Unidentified Justice: Would your theory apply to a law firm that has a tax division that takes care of the clients' tax problems and a probate division that takes care of drafting wills and trusts and that sort of thing?
John M. Landis: No, Your Honor, I think the clinic that I describe is more closely analogous to a law firm.
A hospital is not analogous to a law firm.
A hospital is not a direct competitor with doctors but it renders services on the same level.
It has a horizontal complementary relationship wit doctors.
Unidentified Justice: But the principle of having all of the specialty trained people coordinated in one operation is that not something that could be taken into account in applying the rule of reason as the District Court did?
John M. Landis: Your Honor, all these justifications as far as efficiency were investigated at trial, and the Court of Appeals properly found on the record that either of these justifications did not exist.
These efficiencies did not exist based upon the record or if they did exist they could be achieved without granting monopoly to one group of anesthesiologists.
That is the least restrictive alternative analysis which this Court used last year in the Maricopa County case.
It found that although it may be beneficial for there to be a price schedule for reimbursement for medical fees there was a less restrictive way to do it.
Doctors did not have to do the price fixing, and that is the same kind of analysis that was employed here.
Unidentified Justice: Mr. Landis, is it your view that a closed staff, privately owned and operated hospital would be a per se violation of anti-trust laws?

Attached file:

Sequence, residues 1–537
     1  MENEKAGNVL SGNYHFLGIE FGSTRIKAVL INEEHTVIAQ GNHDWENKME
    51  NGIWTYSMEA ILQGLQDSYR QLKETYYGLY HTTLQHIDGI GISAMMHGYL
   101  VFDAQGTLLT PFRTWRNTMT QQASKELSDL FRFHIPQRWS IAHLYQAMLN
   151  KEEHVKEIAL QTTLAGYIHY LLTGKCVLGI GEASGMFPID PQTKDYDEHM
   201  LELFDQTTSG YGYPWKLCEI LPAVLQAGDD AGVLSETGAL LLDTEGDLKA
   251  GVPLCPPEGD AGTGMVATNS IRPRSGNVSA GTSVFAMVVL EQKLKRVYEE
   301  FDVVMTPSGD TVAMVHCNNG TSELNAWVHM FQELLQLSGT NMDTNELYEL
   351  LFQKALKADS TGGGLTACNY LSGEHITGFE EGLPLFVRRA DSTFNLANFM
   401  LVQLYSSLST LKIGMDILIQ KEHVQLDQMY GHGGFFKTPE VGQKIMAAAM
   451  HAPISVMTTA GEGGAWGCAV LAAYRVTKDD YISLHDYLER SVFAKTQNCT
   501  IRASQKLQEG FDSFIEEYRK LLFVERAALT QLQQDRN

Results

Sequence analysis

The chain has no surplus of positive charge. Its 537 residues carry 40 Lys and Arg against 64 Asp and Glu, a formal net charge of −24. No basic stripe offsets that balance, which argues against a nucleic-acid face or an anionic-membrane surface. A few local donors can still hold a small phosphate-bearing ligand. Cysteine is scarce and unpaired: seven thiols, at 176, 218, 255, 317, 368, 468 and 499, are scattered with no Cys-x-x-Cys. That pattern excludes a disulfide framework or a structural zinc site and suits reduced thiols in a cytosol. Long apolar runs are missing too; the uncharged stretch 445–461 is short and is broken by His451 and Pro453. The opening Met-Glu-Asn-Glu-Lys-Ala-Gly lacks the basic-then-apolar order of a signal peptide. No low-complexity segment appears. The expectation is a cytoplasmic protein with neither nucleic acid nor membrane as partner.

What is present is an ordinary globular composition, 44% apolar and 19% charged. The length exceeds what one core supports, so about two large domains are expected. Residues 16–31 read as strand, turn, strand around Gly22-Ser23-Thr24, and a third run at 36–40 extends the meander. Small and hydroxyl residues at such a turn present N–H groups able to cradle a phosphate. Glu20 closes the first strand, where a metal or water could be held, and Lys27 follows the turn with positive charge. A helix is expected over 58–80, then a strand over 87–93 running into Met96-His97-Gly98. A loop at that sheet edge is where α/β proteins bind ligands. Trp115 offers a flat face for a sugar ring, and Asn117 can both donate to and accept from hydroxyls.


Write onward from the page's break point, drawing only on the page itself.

John M. Landis: Owned by whom, Your Honor?
Unidentified Justice: Well, for example, some hospitals today are owned by public corporations.
In my city of Richmond, Virginia a number of hospitals were owned by the doctors.
John M. Landis: I think if the hospitals were owned by the doctors that might present a different question, but assume a hospital owned by a corporation independent of the doctors I think under the right market conditions and right competitive conditions it might be a violation of the anti-trust laws.
I think each case has got to be judged on the market as the per se rule requires.
It requires an analysis of the market and of the competitive impact at least the per se rule for--
Unidentified Justice: Do you have any private hospitals in the New Orleans area?
John M. Landis: --Yes, sir.
There are quite a few.
Unidentified Justice: Do they have closed staffs?
John M. Landis: Some of them do and some of them do not.
The majority of the hospitals in the New Orleans area at least until the new medicare rules had closed staffs, and that was one of the problems is that because of that you have an allocation in the market to the contract groups rather than... A new entrant into the market essentially would have to go to work for one of those groups if he wanted to be able to practice.
That is one of the evils produced by these kinds of contracts.
Unidentified Justice: In New Orleans they have several hospitals that are for profit.
John M. Landis: Yes, sir.
Unidentified Justice: They sure do.
Mr. Landis, why should the Court ever apply a per se rule in these cases instead of a rule of reason in each instance?
John M. Landis: I think with respect to tying cases the per se rule as the government points out and as the Petitioners point out is not a hard and fast per se rule.
It does allow some flexibility.
It does allow some analysis, and I think the way the rule has evolved--
Unidentified Justice: Why isn't the public and the purposes of the anti-trust law basically served by just recognizing that we ought to apply a rule of reason?
John M. Landis: --Because I think there is enough flexibility now in the current rule to properly weed out the cases that are not violations from the ones that are.